I’m sure you have a lot of questions Talk to our consultant. (It’s free by the way)
Passive Hiring: How to Hire Tech candidates
Tech talent is notoriously hard to find and all the more hard to hire. The “best and the brightest” already have jobs, you should always strive to hire potential superstars; it's all in the chance that you give someone to prove themselves. Tech skills are in high demand and low supply; it is suspected that by 2020, there will be more than one million unfilled programming jobs. Along with shortage of talent, difficulty in accurately finding tech candidates is what's creating this gap.
Reducing the Overwhelming Gap
So to speak, there are lots of tech applicants who are unemployed, but they are all scattered across geography and ‘unavailable’ to you. Scarcity of the talent is only if you confine your search to one particular location. Going by traditional methods, you are probably looking at arranging referral drives, walk-ins or advertising on social networking sites and job boards. But these are not enough, and asking someone who stays 30 km away from your office premises to come in for preliminary round of interview is unfair. A better practice would be to inculcate digitized or virtual walk-ins wherein candidates are provided with a link where they can attend the interview anytime & anywhere before the link expires. Are you worried about fraudsters who look up answers over the internet? With fraud detection extinctions and video recording of the entire assessment, these assessments can be cheat-proof. That would mean three things for you:
More quality candidates to choose from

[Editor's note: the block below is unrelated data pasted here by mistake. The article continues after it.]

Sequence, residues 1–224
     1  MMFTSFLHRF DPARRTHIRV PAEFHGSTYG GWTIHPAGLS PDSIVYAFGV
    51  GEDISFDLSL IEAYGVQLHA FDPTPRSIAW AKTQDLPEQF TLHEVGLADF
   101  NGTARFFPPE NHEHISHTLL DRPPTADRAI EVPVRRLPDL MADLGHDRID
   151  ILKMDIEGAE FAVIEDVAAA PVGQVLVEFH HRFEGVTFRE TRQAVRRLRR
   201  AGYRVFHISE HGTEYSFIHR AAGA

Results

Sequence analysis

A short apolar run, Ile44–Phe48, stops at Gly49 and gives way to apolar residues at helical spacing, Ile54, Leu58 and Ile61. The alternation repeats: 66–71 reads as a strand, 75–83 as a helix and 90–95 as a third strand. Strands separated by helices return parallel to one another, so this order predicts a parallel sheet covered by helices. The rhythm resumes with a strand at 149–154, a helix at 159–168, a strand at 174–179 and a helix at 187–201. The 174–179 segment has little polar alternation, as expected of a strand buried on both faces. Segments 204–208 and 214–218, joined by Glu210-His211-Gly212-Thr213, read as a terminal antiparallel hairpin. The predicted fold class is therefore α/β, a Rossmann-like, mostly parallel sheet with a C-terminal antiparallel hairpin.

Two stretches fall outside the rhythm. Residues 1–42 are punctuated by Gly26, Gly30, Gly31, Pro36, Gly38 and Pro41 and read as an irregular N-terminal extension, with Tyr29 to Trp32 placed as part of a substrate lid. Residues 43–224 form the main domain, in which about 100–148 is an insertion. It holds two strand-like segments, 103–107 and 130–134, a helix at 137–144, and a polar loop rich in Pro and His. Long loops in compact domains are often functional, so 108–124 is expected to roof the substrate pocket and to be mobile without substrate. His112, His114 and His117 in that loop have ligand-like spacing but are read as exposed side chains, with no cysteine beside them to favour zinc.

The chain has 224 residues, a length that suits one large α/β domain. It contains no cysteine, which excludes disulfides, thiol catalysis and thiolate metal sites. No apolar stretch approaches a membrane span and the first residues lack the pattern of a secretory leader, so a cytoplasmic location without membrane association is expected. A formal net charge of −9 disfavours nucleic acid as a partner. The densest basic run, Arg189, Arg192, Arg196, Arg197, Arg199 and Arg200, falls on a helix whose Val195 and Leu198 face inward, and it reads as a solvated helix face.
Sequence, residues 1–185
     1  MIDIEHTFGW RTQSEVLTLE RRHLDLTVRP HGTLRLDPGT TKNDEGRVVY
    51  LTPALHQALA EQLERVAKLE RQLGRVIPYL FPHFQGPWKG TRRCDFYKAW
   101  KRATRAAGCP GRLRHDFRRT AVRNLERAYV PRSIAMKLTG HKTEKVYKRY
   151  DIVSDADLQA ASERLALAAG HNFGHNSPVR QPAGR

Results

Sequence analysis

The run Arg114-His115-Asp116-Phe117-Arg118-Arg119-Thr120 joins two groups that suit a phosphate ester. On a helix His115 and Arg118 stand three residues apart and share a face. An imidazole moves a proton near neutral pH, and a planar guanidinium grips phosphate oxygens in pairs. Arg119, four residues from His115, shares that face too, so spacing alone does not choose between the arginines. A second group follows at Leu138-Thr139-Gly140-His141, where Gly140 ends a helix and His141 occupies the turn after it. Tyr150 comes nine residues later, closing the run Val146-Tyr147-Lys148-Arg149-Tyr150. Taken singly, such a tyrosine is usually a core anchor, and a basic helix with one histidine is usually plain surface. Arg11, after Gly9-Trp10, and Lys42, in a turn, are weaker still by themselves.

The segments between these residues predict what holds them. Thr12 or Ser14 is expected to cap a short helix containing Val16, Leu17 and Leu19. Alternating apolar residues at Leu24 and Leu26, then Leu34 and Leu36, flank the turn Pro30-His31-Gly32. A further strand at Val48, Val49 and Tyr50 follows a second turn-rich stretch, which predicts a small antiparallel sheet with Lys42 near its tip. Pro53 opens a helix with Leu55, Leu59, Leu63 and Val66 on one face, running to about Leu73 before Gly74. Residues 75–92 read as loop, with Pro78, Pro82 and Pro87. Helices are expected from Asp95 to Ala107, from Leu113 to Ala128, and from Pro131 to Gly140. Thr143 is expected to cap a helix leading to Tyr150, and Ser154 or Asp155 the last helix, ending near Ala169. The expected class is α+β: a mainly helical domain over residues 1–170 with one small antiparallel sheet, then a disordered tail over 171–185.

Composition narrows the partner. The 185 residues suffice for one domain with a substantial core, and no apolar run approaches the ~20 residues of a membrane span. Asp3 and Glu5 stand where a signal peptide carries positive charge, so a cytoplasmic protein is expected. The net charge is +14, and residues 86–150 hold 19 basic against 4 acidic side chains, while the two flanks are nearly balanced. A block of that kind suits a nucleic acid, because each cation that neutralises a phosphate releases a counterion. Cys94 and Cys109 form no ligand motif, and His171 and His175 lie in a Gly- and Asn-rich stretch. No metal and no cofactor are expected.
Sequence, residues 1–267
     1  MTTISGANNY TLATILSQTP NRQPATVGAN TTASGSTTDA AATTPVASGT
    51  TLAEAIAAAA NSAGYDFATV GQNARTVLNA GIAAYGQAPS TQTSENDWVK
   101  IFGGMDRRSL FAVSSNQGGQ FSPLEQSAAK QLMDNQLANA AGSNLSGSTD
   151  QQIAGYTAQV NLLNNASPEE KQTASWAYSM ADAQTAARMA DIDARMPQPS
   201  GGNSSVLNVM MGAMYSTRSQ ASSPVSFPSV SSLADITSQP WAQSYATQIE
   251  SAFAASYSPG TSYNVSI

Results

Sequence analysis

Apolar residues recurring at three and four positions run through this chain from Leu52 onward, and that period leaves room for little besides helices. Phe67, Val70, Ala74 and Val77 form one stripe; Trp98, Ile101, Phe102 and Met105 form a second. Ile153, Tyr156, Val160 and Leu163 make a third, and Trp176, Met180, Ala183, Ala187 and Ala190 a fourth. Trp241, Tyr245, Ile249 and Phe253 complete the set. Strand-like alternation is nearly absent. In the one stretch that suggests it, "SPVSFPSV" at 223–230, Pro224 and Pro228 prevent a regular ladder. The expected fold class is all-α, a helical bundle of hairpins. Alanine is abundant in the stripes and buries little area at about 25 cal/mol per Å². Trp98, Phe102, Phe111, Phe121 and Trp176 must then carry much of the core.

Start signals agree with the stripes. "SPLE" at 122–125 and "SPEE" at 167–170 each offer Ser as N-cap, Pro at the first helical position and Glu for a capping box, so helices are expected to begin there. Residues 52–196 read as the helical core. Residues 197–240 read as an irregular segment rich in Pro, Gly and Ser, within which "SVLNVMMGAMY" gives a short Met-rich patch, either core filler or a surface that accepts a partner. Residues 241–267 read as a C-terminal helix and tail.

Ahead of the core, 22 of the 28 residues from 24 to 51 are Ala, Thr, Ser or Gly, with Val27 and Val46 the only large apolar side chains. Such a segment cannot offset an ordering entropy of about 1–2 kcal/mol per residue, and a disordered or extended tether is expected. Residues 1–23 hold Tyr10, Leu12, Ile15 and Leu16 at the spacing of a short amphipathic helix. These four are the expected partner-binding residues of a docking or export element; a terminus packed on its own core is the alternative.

No headaches of assigning resources to handle the bulk candidates pooling into the office premises, and
You are now in the candidate's list of 'best employers' for the convenience you have provided
That covers major part of screening bulk candidates, it also means that you now have lot of 'superstars' that I mentioned earlier, selecting them is the task ahead of you. Subject matter experts in this domain can be consulted or you can prepare these questions in-house. Now, set up one of these online, recorded, cheat-proof, video assessments in the form of MCQs or code evaluation tests as per your need. Next, set up panelists to evaluate the answers and you are now a little short of finding superstars.
Now that the candidates are shortlisted, you need to find out if they are a good cultural fit in your company. Leverage one of the easy interviewing solutions out there. Introduce recorded behavioral skill tests, push for analytics to the interview process so that it computes all the traits and flag the good ones. et voilà! You now have your all star tech new hire ready for the on-boarding process.
I suddenly feel like the teacher we had in primary school who always asked, “what did we learn today?” After writing this article, I think, I’d say -
Implement online video interviews as it offers convenience to candidates and panelists.
Evaluating candidates is much easier for over this platform as tech hiring involves multiple evaluation.
Time taken to hire these candidates would cut back considerably due to reduction in rescheduling and travel.